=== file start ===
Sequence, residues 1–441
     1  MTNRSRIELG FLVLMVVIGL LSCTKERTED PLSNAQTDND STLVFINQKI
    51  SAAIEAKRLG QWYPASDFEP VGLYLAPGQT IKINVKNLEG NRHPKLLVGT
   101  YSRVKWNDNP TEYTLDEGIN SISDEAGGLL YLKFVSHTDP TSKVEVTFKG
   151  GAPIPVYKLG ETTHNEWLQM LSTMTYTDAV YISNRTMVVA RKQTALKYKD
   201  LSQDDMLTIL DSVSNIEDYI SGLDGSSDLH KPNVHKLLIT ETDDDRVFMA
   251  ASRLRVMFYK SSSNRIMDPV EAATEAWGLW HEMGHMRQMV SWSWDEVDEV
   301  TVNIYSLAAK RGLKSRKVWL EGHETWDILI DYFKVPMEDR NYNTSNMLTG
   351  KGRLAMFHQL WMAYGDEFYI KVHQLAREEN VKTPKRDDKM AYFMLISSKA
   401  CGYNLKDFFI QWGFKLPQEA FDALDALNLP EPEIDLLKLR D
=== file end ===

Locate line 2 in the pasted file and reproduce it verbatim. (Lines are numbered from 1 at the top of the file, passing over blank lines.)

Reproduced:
     1  MTNRSRIELG FLVLMVVIGL LSCTKERTED PLSNAQTDND STLVFINQKI